Dublin Airport to proceed with €320 million second runway

Thursday, April 7, 2016

The growth of Dublin Airport is a key driver of economic growth in Fingal, Dublin and the Irish economy. Dublin airport employs some 16,000 people. It supports or facilitates a total of 97,400 jobs in the country and contributes €6.9 billion to the national economy. A second runway is essential to the continued growth of the airport and I very much welcome the decision to proceed to construction. With 187,700 people still unemployed in Ireland I hope we can all get behind this project.

The new runway will significantly improve connectivity and will support trade, foreign direct investment and tourism. Dublin Airport’s gateway status is highlighted by the fact that 89% of all visitors to the island of Ireland arrive by air and of these 82% arrive via Dublin Airport.
Parallel Runway Dublin Airport
At top of image is proposed second runway at Dublin Airport
Continuing record growth at Dublin airport means we can no longer delay this important piece of critical infrastructure. The runway construction is essential to deal with delays at peak times. The planning application lodged in 2004 took two years for approval and contains 32 conditions. It was postponed due to the recession but even then demand at peak times dropped by only 4 per cent.

More than 25 million passengers passed through the airport last year, beating the previous record, set in 2008, of 23 million. The rapid recovery in passenger numbers is due to a combination of almost 50 new routes and services in the past two years, significant additional capacity increases on a number of existing routes, and nine new airlines operating at Dublin Airport. Total long-haul connectivity has grown by more than 65% since T2 opened, while short-haul connectivity has increased by 16%.

The 3,110 metre runway will be built 1.6km north of the existing main runway at a cost of €250 million and is expected to be delivered in 2020. Dublin Airport is investing a total of €320 million in this multi-faceted project which will comprise multiple contracts and packages of works.

Dublin Airport’s North Runway development has the potential to open up connectivity to a range of long-haul destinations, particularly in fast growing economies in Asia, Africa and South America. The delivery of a new runway could support a further 31,000 new jobs over the next two decades, contributing €2.2 billion to GDP.
Unlike airlines that typically plan for the short to medium term, airports must plan for the longer term. Investment in airport infrastructure requires long term planning that focusses on potential future demand for aviation services.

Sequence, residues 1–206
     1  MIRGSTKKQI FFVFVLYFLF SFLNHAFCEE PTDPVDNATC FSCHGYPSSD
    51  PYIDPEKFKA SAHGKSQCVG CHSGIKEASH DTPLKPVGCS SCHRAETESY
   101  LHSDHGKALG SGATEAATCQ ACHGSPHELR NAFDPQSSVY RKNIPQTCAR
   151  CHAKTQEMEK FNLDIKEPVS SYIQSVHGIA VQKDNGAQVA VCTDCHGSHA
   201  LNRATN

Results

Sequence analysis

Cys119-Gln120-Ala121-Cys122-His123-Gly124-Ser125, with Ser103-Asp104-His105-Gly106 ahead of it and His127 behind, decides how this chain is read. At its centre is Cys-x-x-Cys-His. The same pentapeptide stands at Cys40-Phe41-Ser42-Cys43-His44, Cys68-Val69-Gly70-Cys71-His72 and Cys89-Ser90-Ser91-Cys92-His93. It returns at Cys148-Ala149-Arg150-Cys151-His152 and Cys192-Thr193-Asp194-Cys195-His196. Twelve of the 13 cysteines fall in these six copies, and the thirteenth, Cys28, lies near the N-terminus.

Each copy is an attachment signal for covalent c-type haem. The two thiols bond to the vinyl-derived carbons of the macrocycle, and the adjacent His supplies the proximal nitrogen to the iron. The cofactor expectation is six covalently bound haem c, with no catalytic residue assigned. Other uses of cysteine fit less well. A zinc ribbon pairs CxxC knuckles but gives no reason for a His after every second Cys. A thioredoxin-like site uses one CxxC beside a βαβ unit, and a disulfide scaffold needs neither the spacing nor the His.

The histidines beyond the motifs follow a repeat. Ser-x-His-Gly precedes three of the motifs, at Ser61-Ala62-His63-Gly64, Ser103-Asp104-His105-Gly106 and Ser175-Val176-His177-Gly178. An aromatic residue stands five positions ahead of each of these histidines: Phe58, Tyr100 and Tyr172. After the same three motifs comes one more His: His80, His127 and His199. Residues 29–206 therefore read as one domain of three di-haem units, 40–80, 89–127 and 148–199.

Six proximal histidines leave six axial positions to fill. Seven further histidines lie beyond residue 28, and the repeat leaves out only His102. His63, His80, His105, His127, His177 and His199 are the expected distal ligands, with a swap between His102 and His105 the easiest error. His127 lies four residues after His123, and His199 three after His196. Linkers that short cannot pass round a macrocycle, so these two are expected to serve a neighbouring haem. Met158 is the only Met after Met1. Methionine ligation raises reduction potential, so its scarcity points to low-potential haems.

With this in mind the daa also has a number of statutory obligations set out under the Air Navigation and Transport (Amendment) Act, 1998; State Airports Act 2004) that can be summarised as follows:
• To manage, operate and develop the airports
• To provide the services and facilities necessary for the operation, maintenance and development of the airports
• To take all proper measures for the safe and secure operation of the airports
• To operate in a commercial manner

From 2005-2010 DAA experienced significant increases in passenger traffic. As part of the DAA statutory obligations to develop Dublin Airport, DAA delivered airport infrastructure that would facilitate growth and dramatically improve the travel experience for airport users such as Terminal 2 and associated infrastructure which opened in November 2010.
As a result of great planning back in the early 1970s official’s safeguarded land around the airport for the provision of additional runway capacity when it was required.This foresight in securing land away from relatively populated areas is to be commended and is rarely seen at international airports. 
In 2007 DAA received planning permission for the construction of a second parallel runway at Dublin Airport. However, towards the end of 2010 there was a dramatic downturn in Irish and global economies that had a significant negative impact on air travel. Passenger numbers at Dublin Airport dropped from a high of 23.5m in 2008 to 19m in 2012.

Despite the current downturn, it is important to remember that aviation is a cyclical industry with a long lead-in time for investment. The ability of an airport to grow and evolve as passenger numbers increase is greatly influenced by the capability of the airport authority to plan for the proper development of the airport in the very long term. This contrasts with the more short-term focus of the airlines that have the ability to move their aircraft in response to market conditions to any location.

The Government has highlighted the importance of export led growth to Ireland’s economic recovery. It is vital therefore that the country’s principal airport has a runway of sufficient length to enable services to operate to emerging markets. A new parallel runway would serve the markets that are anticipated and thus enable connections for both business exports and international tourists.

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